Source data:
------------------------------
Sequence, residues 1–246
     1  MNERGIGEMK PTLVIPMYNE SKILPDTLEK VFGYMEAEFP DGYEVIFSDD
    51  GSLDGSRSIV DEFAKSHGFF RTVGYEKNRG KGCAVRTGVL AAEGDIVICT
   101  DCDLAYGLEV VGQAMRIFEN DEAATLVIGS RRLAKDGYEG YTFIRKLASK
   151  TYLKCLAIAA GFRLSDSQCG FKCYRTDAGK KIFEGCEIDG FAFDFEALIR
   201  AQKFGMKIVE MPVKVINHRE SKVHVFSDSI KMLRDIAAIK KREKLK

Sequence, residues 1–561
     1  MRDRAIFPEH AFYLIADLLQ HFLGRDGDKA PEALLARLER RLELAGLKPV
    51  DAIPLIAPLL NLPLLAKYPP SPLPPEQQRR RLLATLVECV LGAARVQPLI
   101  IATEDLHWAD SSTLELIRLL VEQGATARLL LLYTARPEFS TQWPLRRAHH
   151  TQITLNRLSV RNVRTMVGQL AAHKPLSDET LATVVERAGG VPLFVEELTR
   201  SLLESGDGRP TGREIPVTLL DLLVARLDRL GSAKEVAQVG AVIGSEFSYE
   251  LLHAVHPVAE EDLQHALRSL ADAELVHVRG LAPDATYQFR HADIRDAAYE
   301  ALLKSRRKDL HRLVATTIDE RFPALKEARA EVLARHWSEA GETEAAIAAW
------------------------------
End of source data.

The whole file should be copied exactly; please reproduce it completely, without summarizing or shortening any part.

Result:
Sequence, residues 1–246
     1  MNERGIGEMK PTLVIPMYNE SKILPDTLEK VFGYMEAEFP DGYEVIFSDD
    51  GSLDGSRSIV DEFAKSHGFF RTVGYEKNRG KGCAVRTGVL AAEGDIVICT
   101  DCDLAYGLEV VGQAMRIFEN DEAATLVIGS RRLAKDGYEG YTFIRKLASK
   151  TYLKCLAIAA GFRLSDSQCG FKCYRTDAGK KIFEGCEIDG FAFDFEALIR
   201  AQKFGMKIVE MPVKVINHRE SKVHVFSDSI KMLRDIAAIK KREKLK

Sequence, residues 1–561
     1  MRDRAIFPEH AFYLIADLLQ HFLGRDGDKA PEALLARLER RLELAGLKPV
    51  DAIPLIAPLL NLPLLAKYPP SPLPPEQQRR RLLATLVECV LGAARVQPLI
   101  IATEDLHWAD SSTLELIRLL VEQGATARLL LLYTARPEFS TQWPLRRAHH
   151  TQITLNRLSV RNVRTMVGQL AAHKPLSDET LATVVERAGG VPLFVEELTR
   201  SLLESGDGRP TGREIPVTLL DLLVARLDRL GSAKEVAQVG AVIGSEFSYE
   251  LLHAVHPVAE EDLQHALRSL ADAELVHVRG LAPDATYQFR HADIRDAAYE
   301  ALLKSRRKDL HRLVATTIDE RFPALKEARA EVLARHWSEA GETEAAIAAW